Reaching the bridge we then began a just as treacherous climb back up the opposite side of the valley in the cold, fine mist that cooled and drenched our universe. There was a lot of banter prior to this point but I was certainly not feeling in a jovial mood. Out of the mist a sign-post appeared pointing west to Eidfjorden, North to the hut we had just left and south to Kjeldebu – another hut but gave no distances (this is normal). We pondered whether or not our detour to take in a view above Eidfjorden was worthwhile considering the conditions but despite agreeing it was pointless we pursued it anyway. A couple of miles further in the increasing rain we stopped and made eye contact, shook our heads disapprovingly and turned 180 degrees to rejoin our original route back on the main trail.
It was lunch time and we were both hungry but we weren’t stopping now that we were wet, cold and feeling just a little sorry for ourselves. The executive decision was taken there and then with no debate. We'd head to Kjeldebu hut and despite the distance and cost, stay another night and take the opportunity to dry out. As we walked heads down and increased pace we tried to recall the route and the junctions from the map and from our collective memories felt we had a good chance of making the hut by late afternoon. We might have been a little down but now we had an aim, a target and that target ended with a wood-burning stove and a real seat for a poo – we hoped at least!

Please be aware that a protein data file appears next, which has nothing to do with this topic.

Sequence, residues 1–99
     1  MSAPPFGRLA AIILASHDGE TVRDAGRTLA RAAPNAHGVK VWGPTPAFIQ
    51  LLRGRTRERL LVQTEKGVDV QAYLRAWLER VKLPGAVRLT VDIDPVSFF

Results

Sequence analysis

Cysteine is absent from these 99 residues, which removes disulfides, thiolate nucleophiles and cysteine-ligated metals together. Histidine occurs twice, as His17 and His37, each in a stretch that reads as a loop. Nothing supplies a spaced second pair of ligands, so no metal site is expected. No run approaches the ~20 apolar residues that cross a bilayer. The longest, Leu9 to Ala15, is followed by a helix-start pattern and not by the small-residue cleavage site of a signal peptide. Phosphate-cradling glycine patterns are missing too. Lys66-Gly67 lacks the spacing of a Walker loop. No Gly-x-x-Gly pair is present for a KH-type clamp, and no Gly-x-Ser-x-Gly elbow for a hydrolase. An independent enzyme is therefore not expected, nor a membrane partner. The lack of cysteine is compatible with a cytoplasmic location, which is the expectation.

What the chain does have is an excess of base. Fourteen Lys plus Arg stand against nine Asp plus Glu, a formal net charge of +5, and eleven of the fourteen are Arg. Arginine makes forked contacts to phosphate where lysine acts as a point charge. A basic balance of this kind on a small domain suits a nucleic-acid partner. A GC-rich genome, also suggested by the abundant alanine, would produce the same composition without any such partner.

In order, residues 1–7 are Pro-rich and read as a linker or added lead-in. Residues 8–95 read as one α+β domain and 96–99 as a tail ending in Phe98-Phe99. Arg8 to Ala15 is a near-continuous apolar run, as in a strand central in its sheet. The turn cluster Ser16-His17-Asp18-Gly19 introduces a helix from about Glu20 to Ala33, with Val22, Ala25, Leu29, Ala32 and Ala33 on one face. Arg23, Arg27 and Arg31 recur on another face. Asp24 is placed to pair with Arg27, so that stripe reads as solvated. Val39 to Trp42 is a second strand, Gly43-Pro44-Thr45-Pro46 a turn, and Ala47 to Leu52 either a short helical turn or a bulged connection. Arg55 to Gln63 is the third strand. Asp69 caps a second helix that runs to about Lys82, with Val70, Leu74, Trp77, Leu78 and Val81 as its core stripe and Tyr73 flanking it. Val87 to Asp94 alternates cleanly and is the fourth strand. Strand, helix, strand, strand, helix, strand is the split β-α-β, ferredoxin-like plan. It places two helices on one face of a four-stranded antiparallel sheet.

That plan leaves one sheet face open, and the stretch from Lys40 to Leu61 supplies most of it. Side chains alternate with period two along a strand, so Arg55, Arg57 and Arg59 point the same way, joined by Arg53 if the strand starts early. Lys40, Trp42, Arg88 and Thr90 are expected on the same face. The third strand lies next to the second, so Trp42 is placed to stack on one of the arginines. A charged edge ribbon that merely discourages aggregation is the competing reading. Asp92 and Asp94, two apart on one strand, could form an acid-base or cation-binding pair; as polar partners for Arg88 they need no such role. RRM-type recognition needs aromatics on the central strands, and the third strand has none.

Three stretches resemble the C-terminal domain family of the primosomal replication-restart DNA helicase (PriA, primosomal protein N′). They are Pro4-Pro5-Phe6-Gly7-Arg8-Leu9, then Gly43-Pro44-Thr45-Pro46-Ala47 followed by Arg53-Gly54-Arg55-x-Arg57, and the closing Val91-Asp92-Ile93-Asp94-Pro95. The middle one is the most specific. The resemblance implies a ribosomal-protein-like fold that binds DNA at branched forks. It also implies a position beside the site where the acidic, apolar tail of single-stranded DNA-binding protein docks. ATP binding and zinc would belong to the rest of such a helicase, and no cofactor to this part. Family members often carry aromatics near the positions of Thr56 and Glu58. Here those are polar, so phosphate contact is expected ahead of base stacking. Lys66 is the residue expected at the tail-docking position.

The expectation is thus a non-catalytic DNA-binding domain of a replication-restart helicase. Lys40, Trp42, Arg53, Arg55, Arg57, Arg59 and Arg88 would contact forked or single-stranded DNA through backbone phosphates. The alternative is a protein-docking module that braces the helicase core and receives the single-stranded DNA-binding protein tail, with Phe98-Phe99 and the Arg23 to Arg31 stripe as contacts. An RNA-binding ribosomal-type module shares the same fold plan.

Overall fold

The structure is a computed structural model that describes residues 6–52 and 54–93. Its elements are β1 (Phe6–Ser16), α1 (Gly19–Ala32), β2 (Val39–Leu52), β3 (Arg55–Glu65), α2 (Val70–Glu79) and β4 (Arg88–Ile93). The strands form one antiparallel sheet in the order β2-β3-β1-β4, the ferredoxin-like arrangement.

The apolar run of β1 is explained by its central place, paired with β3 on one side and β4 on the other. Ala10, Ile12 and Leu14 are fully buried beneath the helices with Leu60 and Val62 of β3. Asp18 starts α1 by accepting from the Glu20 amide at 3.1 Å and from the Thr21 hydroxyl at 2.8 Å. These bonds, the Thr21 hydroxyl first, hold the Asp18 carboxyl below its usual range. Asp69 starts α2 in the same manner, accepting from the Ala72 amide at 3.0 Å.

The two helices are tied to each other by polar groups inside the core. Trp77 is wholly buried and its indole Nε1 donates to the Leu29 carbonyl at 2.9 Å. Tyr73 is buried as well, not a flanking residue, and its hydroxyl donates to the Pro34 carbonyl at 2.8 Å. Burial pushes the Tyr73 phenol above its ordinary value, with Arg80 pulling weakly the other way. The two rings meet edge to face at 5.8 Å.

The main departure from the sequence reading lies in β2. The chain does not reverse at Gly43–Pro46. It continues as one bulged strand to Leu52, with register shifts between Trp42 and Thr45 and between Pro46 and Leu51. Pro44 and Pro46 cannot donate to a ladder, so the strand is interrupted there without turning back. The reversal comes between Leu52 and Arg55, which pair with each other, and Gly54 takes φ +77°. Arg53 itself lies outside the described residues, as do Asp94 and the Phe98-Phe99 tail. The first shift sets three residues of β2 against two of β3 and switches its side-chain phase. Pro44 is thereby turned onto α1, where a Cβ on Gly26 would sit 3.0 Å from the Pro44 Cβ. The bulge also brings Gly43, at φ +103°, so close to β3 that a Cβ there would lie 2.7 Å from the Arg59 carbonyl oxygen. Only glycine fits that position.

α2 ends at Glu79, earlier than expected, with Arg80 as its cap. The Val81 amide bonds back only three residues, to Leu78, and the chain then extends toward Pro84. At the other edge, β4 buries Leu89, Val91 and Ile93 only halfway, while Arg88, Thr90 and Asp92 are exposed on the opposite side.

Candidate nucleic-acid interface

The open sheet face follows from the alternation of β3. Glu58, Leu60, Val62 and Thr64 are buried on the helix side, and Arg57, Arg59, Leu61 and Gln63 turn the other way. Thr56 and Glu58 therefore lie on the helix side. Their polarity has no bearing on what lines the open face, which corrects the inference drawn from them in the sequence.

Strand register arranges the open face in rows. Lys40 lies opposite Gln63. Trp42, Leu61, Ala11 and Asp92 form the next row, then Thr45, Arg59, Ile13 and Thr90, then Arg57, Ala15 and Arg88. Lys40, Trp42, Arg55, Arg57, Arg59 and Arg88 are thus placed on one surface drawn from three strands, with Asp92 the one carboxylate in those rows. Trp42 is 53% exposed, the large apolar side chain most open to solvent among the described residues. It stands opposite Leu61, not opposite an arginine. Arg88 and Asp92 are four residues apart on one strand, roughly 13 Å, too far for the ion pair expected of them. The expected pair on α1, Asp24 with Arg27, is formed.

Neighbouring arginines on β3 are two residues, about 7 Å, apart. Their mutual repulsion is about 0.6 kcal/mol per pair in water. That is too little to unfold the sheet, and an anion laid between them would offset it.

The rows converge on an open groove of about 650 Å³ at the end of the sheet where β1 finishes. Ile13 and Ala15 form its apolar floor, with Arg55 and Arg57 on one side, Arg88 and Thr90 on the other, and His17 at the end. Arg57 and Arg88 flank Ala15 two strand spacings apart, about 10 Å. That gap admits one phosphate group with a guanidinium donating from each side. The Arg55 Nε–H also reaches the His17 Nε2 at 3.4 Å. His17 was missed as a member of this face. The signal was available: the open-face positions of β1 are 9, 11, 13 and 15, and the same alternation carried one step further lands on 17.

The terrain was now more grassy with lots of small unnamed 'vatnets' (tarns) scattered along the way and even in the poor conditions we both commented with some frequency just how good some of the spots would be to pitch a tent. In good weather they would all have been sublime.